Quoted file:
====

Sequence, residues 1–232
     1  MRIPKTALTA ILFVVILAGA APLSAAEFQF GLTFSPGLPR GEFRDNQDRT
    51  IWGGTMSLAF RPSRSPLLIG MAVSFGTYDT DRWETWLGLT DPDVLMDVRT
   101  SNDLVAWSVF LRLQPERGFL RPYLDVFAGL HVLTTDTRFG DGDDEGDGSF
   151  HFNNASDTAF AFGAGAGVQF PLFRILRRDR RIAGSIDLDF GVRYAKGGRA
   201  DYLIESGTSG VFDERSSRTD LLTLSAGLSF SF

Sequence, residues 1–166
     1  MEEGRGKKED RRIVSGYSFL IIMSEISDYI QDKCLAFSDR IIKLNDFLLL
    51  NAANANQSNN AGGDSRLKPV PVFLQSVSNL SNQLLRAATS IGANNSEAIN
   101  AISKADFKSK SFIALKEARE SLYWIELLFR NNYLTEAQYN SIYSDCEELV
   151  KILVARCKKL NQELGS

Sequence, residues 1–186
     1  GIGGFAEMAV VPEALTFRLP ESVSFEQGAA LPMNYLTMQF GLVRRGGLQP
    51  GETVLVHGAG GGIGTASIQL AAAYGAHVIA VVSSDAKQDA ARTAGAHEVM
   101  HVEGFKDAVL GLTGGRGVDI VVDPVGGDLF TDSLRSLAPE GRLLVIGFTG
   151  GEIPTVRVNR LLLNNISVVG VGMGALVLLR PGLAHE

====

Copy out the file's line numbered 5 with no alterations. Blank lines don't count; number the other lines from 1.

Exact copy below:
   151  HFNNASDTAF AFGAGAGVQF PLFRILRRDR RIAGSIDLDF GVRYAKGGRA